Friday, March 24, 2006

Saving Private Kember


Is it just me or does the story of the ‘rescue’ of Norman Kember and two other peace activists in Iraq yesterday have more than a little hint of Jessica Lynch about it? That would be the Jessica Lynch who was rescued from an Iraqi hospital by a Special Forces team with much hullabaloo when they could have just sent a car?

Call me cynical but lines like ‘The men were found in a room in a house in west Baghdad. There was no sign of their captors’ are just a mite suspicious. They don’t really square with all those anonymous media interviews with former SAS men talking about action movie style rescue operations we’ve been treated since the Kember story broke.

I was also particularly amused by the speed with which certain spokespeople embraced the news of the ‘rescue’ as final proof, if ever it were needed, that torturing people to obtain information was clearly a good thing

If this were a game I’d play my ‘This story is bollocks’ card with the confident expectation of receiving double points at some stage later in the proceedings.

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There’s little dispute that major media outlets on both sides of the pond now largely restrict themselves to parroting information supplied to them by vested interests. They apparently no longer feel under any obligation to assess whether the stuff they are repeating makes sense or not. The Kember story is a good example.

Having said, I have encountered a couple of choice nuggets of scathing media comment over the last couple of weeks.

First off, there’s James Spader’s courtroom speech in Boston Legal a couple of weeks ago...

When the weapons of mass destruction thing turned out to be not true, I expected the American people to rise up. Ha! They didn't.

Then, when the Abu Ghraib torture thing surfaced and it was revealed that our government participated in rendition, a practice where we kidnap people and turn them over to regimes who specialize in torture, I was sure then the American people would be heard from. We stood mute.

Then came the news that we jailed thousands of so-called terrorists suspects, locked them up without the right to a trial or even the right to confront their accusers. Certainly, we would never stand for that. We did.

And now, it's been discovered the executive branch has been conducting massive, illegal, domestic surveillance on its own citizens. You and me. And I at least consoled myself that finally, finally the American people will have had enough. Evidentially, we haven't.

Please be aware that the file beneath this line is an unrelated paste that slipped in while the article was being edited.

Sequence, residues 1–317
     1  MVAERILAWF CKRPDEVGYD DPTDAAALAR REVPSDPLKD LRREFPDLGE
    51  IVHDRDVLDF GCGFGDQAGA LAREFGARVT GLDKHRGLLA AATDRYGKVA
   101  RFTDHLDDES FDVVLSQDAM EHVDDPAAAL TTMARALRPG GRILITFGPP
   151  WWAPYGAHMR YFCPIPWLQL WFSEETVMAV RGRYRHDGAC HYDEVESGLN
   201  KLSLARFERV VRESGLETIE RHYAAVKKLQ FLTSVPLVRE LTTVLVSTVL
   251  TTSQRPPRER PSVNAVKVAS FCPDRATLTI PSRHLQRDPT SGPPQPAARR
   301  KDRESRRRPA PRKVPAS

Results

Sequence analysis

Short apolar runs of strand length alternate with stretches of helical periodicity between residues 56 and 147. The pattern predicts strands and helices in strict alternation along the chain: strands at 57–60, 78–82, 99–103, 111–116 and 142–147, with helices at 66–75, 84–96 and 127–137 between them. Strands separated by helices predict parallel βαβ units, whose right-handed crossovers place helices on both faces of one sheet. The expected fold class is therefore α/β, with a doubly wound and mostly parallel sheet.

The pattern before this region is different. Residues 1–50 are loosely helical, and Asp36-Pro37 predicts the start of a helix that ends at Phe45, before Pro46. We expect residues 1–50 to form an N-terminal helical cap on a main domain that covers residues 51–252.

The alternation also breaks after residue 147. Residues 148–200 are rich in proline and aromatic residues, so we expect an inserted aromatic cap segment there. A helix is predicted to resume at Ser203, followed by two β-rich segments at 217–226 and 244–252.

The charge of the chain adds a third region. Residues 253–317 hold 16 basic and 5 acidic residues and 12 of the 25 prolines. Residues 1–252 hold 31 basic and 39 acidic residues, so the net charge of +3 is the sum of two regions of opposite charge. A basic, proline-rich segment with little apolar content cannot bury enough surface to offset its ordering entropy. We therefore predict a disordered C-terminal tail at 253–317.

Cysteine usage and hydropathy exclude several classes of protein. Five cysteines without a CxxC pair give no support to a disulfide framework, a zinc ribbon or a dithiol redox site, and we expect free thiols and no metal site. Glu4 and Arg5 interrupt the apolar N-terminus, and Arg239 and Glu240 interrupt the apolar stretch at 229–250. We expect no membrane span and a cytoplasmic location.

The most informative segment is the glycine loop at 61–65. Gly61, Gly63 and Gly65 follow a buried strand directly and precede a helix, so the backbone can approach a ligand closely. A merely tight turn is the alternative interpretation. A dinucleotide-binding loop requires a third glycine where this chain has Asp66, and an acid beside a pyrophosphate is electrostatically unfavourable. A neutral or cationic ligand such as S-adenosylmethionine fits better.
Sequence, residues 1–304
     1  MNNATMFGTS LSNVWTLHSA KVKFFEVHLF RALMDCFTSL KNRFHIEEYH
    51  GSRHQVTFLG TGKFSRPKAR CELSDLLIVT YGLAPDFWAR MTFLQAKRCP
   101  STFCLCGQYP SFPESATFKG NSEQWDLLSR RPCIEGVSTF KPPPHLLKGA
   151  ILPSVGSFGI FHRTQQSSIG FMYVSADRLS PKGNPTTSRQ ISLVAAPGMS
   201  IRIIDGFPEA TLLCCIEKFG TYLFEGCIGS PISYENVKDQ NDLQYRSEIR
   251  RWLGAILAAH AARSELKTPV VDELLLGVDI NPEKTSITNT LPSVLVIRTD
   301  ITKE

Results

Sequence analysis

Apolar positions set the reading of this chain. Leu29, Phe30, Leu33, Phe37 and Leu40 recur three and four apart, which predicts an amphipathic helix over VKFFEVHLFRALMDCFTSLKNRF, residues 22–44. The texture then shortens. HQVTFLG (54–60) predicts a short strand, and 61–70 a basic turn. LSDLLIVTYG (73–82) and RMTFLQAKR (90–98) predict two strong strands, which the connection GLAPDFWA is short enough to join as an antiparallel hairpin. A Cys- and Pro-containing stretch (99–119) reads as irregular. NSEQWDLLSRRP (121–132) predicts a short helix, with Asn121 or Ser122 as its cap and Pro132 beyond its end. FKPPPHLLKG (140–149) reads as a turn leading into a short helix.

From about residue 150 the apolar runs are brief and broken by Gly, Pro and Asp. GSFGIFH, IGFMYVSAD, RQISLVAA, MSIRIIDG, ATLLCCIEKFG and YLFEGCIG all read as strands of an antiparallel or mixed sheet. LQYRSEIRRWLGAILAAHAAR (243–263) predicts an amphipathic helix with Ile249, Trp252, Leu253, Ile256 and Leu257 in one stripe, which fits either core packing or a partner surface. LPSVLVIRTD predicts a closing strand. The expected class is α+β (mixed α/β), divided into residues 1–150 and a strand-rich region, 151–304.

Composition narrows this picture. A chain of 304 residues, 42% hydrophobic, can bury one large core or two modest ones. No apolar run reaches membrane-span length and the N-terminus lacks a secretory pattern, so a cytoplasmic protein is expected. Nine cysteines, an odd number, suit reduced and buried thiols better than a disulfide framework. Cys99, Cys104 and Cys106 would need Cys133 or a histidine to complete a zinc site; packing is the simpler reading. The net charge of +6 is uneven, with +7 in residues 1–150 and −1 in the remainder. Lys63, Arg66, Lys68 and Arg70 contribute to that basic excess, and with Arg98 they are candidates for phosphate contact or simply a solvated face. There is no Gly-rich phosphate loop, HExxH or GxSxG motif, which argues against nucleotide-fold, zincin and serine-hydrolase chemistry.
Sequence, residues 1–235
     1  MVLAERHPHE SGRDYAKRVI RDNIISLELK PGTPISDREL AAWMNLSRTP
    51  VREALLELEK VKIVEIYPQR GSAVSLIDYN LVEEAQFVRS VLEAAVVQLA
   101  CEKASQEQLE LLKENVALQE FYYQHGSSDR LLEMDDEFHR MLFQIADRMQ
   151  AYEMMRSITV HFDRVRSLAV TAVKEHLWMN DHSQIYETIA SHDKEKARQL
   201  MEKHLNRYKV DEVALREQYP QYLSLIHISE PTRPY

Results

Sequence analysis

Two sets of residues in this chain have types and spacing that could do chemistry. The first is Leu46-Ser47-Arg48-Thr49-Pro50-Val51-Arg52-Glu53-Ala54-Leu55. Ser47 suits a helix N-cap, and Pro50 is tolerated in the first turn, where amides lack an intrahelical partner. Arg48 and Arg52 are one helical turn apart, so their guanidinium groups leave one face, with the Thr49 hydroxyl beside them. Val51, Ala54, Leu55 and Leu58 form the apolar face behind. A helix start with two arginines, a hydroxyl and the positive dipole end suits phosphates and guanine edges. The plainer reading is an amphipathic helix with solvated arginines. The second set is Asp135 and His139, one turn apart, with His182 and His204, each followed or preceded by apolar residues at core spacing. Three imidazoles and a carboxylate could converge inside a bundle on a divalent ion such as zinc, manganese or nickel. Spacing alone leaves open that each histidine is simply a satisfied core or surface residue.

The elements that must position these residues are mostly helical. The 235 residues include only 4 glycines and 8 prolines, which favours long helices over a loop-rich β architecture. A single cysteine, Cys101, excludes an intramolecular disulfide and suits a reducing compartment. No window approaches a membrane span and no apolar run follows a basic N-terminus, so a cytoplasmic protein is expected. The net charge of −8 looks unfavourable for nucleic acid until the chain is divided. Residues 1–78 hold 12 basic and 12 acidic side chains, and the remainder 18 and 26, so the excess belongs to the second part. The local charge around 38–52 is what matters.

In fact, if the people of this country have spoken, the message is we're okay with it all. Torture, warrantless search and seizure, illegal wiretappings, prison without a fair trial - or any trial, war on false pretenses. We, as a citizenry, are apparently not offended.

There are no demonstrations on college campuses. In fact, there's no clear indication that young people seem to notice.

Well, Melissa Hughes noticed. Now, you might think, instead of withholding her taxes, she could have protested the old fashioned way. Made a placard and demonstrated at a Presidential or Vice-Presidential appearance, but we've lost the right to that as well. The Secret Service can now declare free speech zones to contain, control and, in effect, criminalize protest.

Stop for a second and try to fathom that.

And then there’s the coverage given by CNN’s Showbiz Tonight to a Charlie Sheen interview where he rattles off a list of outstanding questions about the 9/11 attacks, describes the official account as a ludicrous conspiracy theory and basically accuses the US government of complicity.

It’s no coincidence that neither of these nuggets were broadcast by ‘serious’ news outlets.

It’s a strange world we live in where the most scathing criticism of the repressive actions of our governments is made in a legal soap opera featuring William Shatner or the only mainstream airing of 9/11 issues is articulated by a has been movie actor sandwiched in a show specialising in celebrity gossip.

Strange, strange days

3 comments:

Mr. Chalk said...

spot on, stef.

Wolfie said...

The lesson here is that if you are in a jam you can only expect the American's to help you if there is political mileage in it and the rescue will be a piece of cake. Secondly, questioning the state's version of 9/11 can only be done in the context of "entertainment" programming as airing such doubts, obvious that they may be, must remain in the realm of make-believe or you will find your life seriously FUBR'd.

Peter said...

HI Stef,

Hope you're well. Haven't commented in a while but I still read regularly. Just wanted to draw your attention to something I've been campaigning against. Very very scary:

http://tinyurl.com/orx32
http://tinyurl.com/ekmee